Genomics of India

Arun and his commentators have linked to and discussed an important new paper on the genomics of India by David Reich and the Harvard collaboration. This paper bears on a number of points dear to my interests, including the origins of the Indo-European languages. Among the zillions of theoretical locations for the PIE Urheimat, only three still seem to have any substantial support, with the Eurasian steppe near the Black Sea the overwhelming favorite. Number two seems to be the Iranian highlands, with the Out of India (OIT) theory championed almost exclusively by Indian nationalists.

I'm not ready to discuss the paper yet, though I have read it, the broad conclusions suggest that the modern Indian population was formed by two major migrations mixing with the existing population, which may well have been there since the earliest spread of modern humans from Africa, and which has the Andaman Islanders and Australians as their closest relatives. The first major wave of immigrants were Neolithic Iranian farmers and the second were Bronze Age pastoralists from the steppe. These migrations closely parallel what is far better documented in Europe: indigenous hunter-gatherers largely displaced by Anatolian farmers, who were in turn displaced by the same steppe pastoralists.

The genetic data provides strong circumstantial evidence for the classical Aryan immigration theory for the arrival of the IE languages in India - the notion that steppe immigrants, who clearly brought IE languages to Europe (and even parts of China), arriving near the end of the Indus Valley Civilization, also brought the related languages to India (and Iran). I call the case circumstantial, because we lack ancient DNA from India, a lack we hope will be alleviated if the Rakhigarhi data is ever published.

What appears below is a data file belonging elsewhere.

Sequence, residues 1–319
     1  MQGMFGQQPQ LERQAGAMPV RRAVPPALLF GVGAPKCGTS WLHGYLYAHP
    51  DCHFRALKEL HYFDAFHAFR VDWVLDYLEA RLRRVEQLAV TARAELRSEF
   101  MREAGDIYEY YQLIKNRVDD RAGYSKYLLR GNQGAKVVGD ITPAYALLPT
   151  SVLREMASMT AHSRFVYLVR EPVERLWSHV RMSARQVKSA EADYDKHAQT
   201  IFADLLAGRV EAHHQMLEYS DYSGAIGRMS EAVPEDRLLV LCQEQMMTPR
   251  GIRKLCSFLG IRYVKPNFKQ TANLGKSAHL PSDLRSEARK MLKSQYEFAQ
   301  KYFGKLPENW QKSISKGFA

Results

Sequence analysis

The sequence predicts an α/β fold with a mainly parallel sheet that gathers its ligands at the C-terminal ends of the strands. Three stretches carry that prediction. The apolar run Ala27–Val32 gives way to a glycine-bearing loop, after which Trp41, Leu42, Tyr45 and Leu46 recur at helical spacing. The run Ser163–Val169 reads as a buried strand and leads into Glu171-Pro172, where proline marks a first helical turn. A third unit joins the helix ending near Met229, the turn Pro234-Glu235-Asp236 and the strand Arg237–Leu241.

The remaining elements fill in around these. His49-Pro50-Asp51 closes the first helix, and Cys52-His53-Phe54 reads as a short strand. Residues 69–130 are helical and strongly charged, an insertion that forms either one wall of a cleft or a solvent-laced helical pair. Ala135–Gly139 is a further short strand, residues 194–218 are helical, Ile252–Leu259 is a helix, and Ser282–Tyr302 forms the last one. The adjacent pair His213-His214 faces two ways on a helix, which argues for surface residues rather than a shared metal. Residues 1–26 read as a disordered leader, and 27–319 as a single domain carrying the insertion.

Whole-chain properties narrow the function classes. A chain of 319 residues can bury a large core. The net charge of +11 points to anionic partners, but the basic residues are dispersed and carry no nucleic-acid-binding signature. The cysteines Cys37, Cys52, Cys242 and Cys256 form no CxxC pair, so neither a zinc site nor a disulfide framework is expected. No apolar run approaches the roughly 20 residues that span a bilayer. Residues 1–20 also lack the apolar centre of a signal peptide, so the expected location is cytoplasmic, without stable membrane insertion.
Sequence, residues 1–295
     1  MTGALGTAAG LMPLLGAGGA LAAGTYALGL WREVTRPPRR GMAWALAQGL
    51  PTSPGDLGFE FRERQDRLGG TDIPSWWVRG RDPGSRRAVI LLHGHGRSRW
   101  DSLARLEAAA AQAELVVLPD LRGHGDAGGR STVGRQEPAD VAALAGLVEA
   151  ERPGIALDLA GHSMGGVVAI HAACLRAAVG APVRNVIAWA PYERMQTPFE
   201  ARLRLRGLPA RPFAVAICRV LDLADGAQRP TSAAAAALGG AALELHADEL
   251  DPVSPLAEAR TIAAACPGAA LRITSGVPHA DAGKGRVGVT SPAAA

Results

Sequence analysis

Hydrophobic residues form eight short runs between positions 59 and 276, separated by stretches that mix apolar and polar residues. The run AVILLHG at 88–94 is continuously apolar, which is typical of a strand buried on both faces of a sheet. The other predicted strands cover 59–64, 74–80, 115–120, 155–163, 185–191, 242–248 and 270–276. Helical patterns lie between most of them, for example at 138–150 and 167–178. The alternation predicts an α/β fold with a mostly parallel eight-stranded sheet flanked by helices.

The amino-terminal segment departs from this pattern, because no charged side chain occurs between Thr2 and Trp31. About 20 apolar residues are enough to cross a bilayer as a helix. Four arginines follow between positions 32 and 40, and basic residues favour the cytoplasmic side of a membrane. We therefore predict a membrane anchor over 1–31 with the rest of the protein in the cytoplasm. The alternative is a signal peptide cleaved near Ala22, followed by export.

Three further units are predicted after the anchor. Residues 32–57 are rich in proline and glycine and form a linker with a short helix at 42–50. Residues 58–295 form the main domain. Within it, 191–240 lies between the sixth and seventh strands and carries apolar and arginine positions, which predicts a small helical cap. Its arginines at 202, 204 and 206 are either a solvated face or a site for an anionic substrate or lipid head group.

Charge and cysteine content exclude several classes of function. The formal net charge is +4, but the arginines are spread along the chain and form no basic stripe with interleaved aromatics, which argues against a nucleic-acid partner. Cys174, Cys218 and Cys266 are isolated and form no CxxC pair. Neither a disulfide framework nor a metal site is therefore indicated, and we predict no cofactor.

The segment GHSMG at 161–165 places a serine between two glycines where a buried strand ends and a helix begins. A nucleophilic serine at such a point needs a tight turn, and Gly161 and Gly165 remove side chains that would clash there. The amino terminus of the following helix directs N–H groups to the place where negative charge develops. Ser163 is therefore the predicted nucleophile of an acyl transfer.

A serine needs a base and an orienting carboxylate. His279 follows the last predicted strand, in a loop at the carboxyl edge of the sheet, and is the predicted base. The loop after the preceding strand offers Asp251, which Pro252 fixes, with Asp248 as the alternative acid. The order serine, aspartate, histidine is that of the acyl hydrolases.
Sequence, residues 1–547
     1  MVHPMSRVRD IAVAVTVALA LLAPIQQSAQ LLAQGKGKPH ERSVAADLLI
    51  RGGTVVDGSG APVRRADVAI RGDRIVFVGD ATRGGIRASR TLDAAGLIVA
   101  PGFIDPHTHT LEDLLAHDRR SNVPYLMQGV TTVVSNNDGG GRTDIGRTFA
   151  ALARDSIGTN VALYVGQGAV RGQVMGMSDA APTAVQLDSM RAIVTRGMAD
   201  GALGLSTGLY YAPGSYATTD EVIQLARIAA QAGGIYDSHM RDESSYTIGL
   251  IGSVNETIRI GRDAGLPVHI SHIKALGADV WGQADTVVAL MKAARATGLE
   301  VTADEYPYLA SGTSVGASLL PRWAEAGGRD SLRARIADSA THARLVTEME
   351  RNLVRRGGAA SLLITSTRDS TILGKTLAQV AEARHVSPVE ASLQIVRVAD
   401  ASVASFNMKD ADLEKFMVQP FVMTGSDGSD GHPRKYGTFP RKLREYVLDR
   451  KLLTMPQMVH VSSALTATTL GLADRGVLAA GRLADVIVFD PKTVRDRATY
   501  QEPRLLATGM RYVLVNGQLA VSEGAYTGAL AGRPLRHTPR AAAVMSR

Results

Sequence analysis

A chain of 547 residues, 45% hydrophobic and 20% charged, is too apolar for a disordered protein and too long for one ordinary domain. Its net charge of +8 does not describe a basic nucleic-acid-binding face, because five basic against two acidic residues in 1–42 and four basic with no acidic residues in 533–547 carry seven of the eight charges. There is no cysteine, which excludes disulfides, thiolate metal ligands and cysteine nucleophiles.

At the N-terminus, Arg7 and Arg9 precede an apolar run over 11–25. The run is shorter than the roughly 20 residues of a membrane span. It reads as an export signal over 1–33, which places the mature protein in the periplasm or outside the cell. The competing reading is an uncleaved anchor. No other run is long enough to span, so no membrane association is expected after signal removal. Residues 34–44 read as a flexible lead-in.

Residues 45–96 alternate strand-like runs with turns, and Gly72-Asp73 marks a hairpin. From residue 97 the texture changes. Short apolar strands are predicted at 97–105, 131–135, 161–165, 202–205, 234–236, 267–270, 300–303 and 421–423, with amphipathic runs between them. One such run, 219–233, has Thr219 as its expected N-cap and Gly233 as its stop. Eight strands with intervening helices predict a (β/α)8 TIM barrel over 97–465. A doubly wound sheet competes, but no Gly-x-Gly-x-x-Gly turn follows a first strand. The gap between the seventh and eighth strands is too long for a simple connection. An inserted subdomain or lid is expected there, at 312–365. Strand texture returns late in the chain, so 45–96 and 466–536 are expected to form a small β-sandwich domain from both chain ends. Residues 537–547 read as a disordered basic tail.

This new information does not appear to sit well with the Indian nationalists, who want Indian Civilization to be wholly autochthonous, and hate the idea that Sanskrit might be a foreign import, even if it happened 4000 years ago.

Here is Arun quibbling:

The life expectancy at birth in the Paleolithic is estimated to be 33 years per Wiki. The per generation time of 28 years means that the average age of a woman relative to the birth of her children is 28 years. E.g., if women uniformly bore children at ages 20, 24, 28, 32 the generation time would be (20 + 24 + 28 + 32)/4 = 26. You can see that women would be bumping up into the life expectancy. On the other hand, what is important is actually the conditional life expectancy, which is the life expectancy of women who survived up to at least one live birth, which may be better than that 33 years. Still, one would think that in the Paleolithic, women in the 18-28 age group would have more children than the women 28-38 age group, if only for the reason that there's more of them.

Arun is a very smart fellow, and I'm sure that he knows that a life expectancy at birth of 33 years doesn't mean that people live until 33 and then die. What it means is that there is high infant and perhaps childhood mortality, and that those who reach their teens are only slightly less likely to make it to sixty than their modern counterparts. Biologically, humans 15,000 years ago were as capable of living to 70, 80, or more as our contemporaries, though they might have lived more dangerous and difficult lives. In any case, India was far from Paleolithic 6000 years ago. Agriculture had already existed there for thousands of years.

This would probably more appropriate as a comment on his blog, but I don't seem to be able to comment there any more.

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